It was not long though before Hassan and I put this learning experience behind us, and continued to discuss whether infinite infinites was bigger than a thousand infinites.

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A photo of the author a few years ago

A couple of days later I was at Hassan’s house. We were listening to his brother’s Gangsta’s Paradise cassette whilst dropping his Stretch Armstrong down 3 flights of stairs. Even as kids we had reached a rather mature agreement whereby we took it in turns to go downstairs to fetch Stretch. We used to call the game ‘splatty man down the stairs’.

If that ever grew tiresome we would launch fireworks out of cardboard tubes and direct them in the general direction of anyone who happened to be in the vicinity.  This usually happened to be construction workers, who retaliated by either throwing stones or just laughing. Despite our childlike idiocy, no one got hurt.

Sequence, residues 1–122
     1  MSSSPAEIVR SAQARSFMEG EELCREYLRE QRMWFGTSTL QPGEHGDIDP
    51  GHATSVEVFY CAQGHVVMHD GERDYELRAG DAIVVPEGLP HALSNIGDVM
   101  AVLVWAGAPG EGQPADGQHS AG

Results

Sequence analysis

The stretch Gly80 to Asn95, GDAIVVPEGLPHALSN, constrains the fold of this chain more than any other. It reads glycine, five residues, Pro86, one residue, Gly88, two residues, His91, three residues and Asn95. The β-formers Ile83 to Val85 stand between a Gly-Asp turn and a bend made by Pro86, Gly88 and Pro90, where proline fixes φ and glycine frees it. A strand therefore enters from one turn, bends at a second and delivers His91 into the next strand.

If  launching fireworks ever grew dull, we would make prank phone calls to any cold store that hadn’t already blacklisted us. I still remember scanning the Bahrain yellow pages for cold store numbers (why they were listed I will never know).

Anyway, it was after one of these splattyman/firework/cold store sessions that Hassan said something very strange to me.  We were talking about school when he suddenly started talking about a mutual friend in such reverential tones that I began to feel a pang of jealousy. I mean, this mutual friend wasn’t much good at football or drawing, so what could be so great about him?

‘His name, he has a good name’

Again, I was confused.

‘You mean it sounds good, like Rumple Stiltskin sounds good?’

‘No, his family name is good, it means he is from a good family.’

At this point my curiosity got the better of me, which is usually a frequent occurrence if you are an 9 year old boy. Without considering further what he might have meant, I proceeded to list every friend I could think of in order to see whether or not they had a good or bad name. I soon realised that this rule did not apply to myself, or another mutual friend with an incredibly complex Scandinavian surname, but instead just to Bahrainis. Or in our case, our Bahraini friends.